False positives in application security negatively impact the work of cybersecurity experts, developers, and the entire business. This post explains false positives in the context of Web AppSec, demonstrates why less advanced web security tools are prone to false positives, and shows how Invicti’s web application security scanner addresses the problem of false positives through demonstrable accuracy.
What is a false positive in cybersecurity?
A false positive is like a false alarm when your home alarm goes off, but there is no burglar. In web application security, a false positive is when a web application security scanner indicates that your website has a vulnerability, such as SQL injection either cross-site scripting (XSS), but in reality, there is nothing to fix. In other areas of cybersecurity, false positives can literally be false alarms that security professionals are endlessly hunting for nonexistent cyberattacks.
It’s no wonder that false positives are a leading cause of burnout among security professionals.
false negatives in web application security are vulnerabilities that exist but were not found by a vulnerability scanner. Because you need to know about the security vulnerability in advance, the concept of false negatives only makes sense in artificial test environments for evaluation or benchmarking; consult our blog post about false negatives Learn more.
False positives make web application security unaffordable
All AppSec work needs a good vulnerability scanner, either as a stand-alone Dynamic Application Security Testing (DAST) tool or as an aid for manual penetration testing. In both cases, having a high number of false positives makes protecting your web assets time consuming and expensive.
It is AppSec best practice to build security test automation into your web development process and test as early as possible. To keep up with software innovation, you should automatically feed vulnerability scan results into the developer workflow, but this won’t work if they include false positives. If your teams can’t trust the scanner, your security experts will have to manually validate each scan result, wasting time and money and slowing down the entire development process. In a typical business environment, that gets expensive quickly: to the tune of $500K a year.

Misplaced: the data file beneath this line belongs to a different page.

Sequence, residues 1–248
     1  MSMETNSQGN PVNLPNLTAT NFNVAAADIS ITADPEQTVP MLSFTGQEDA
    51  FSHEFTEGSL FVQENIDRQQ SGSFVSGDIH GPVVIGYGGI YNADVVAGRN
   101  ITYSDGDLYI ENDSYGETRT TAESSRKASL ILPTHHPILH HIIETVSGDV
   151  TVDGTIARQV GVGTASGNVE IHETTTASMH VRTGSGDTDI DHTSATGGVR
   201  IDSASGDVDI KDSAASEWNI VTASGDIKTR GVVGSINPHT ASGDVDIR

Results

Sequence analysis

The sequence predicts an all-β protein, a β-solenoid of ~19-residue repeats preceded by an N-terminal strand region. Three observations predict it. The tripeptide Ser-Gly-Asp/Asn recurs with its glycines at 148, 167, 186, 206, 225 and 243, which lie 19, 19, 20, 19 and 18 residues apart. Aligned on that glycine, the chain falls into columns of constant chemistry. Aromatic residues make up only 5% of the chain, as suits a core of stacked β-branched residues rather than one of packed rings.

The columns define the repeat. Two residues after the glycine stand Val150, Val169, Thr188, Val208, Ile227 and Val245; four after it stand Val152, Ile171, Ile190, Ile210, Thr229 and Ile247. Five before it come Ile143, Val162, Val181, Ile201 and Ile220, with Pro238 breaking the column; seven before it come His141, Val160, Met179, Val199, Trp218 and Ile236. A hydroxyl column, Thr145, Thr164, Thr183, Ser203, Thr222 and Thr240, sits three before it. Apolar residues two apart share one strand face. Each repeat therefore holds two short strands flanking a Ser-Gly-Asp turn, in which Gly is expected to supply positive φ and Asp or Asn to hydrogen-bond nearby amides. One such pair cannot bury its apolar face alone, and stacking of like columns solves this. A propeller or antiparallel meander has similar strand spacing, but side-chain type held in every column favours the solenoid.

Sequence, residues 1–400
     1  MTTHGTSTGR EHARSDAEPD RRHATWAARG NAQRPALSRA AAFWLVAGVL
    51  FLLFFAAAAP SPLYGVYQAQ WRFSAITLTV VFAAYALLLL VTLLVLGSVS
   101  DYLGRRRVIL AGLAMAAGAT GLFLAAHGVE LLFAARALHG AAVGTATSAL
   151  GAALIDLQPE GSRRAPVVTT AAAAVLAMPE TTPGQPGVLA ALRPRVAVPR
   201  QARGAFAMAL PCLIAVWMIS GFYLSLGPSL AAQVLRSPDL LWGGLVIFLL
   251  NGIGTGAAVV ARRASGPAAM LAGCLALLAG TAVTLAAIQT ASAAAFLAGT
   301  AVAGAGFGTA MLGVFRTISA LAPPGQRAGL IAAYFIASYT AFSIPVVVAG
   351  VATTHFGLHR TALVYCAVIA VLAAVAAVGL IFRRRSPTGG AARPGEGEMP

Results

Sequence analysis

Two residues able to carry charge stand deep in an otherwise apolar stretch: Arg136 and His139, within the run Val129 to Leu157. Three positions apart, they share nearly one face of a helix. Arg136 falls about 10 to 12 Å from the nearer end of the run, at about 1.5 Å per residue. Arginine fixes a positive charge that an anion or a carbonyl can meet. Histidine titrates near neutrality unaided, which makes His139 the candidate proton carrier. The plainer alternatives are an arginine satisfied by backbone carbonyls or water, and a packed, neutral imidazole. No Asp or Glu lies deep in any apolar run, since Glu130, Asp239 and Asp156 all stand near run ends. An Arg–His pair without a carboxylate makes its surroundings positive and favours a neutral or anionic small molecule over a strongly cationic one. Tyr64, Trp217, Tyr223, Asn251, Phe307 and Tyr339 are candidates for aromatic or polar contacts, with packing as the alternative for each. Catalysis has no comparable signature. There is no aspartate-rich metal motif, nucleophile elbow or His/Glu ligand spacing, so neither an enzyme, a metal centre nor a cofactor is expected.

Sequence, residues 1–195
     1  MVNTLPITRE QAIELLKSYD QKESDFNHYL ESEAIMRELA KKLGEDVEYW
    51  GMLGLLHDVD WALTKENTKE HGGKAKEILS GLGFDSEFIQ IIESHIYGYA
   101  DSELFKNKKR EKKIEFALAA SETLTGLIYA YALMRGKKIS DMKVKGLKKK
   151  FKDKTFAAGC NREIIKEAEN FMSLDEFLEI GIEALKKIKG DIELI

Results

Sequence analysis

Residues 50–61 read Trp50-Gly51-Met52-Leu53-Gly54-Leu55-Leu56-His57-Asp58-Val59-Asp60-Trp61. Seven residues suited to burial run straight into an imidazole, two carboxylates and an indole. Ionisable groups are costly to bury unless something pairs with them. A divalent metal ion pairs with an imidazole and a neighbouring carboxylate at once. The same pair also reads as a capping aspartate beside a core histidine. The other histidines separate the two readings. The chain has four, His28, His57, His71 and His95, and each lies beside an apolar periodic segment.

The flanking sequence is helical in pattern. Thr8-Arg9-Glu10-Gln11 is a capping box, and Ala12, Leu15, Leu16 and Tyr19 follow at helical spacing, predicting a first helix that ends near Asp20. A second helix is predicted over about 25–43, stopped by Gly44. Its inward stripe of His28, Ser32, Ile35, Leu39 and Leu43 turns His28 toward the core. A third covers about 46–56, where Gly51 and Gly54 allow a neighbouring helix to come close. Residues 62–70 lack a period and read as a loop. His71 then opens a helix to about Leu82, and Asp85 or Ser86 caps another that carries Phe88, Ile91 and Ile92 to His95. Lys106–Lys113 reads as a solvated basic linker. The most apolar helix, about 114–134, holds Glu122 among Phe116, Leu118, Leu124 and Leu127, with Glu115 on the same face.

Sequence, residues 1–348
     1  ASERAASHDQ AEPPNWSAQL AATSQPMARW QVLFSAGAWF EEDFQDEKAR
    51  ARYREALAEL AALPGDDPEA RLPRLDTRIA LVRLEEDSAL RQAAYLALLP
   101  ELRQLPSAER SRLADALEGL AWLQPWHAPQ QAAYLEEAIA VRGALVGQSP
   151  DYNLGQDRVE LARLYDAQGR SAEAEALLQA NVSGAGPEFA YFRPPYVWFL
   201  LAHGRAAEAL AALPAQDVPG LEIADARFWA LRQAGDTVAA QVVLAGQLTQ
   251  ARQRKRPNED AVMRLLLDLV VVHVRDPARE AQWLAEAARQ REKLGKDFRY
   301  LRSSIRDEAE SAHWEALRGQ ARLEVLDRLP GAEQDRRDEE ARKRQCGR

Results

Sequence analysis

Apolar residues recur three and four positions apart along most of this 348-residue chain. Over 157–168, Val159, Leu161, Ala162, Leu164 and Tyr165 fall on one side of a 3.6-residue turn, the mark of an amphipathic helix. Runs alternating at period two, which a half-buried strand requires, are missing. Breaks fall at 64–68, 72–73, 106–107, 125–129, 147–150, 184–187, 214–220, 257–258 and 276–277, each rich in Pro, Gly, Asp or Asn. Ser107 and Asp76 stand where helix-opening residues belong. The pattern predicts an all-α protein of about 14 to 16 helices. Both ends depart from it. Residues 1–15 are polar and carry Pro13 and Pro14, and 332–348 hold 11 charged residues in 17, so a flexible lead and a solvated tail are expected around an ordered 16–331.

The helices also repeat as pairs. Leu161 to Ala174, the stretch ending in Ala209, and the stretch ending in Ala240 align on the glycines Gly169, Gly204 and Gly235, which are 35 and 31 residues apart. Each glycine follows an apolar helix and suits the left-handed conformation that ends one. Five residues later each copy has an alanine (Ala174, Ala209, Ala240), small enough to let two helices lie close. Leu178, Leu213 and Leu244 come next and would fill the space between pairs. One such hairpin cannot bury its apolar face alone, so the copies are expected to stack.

In penetration tests, false positives are no less damaging. When inundated with false positives from a low-quality scanner, security experts will spend valuable time investigating minor issues instead of focusing on vulnerabilities that really need their expertise. This can make security testing seem too expensive for some organizations, resulting in incomplete security coverage that puts them at risk of cyberattacks, but makes it worse.
False positives hide vulnerabilities in real web applications
Humans tend to start ignoring false alarms pretty quickly, and AppSec pros are no exception. If a web application security scanner detects 200 cross-site scripting vulnerabilities and a security engineer or penetration tester finds that the first 20 variants are false positives, he or she would likely assume that all XSS reports are false positives. and ignore them.
False positives cause users to distrust all scan results by default and deal with common issues like noise. This creates a huge security risk, as real vulnerabilities can slip through testing and leave the door wide open for malicious hackers. And because they have been manually flagged as false positives, they could remain uncorrected and unreported for a long time, creating an even bigger security threat.
Investigating a false positive takes skill and time
Anytime a security engineer, penetration tester, or application developer needs to investigate a false-positive scan result, the effect is only as good as that person’s skill, experience, and perseverance. If users can’t trust the results of their scans, they’ll naturally assume that anything they can’t find or manually test must be a false positive.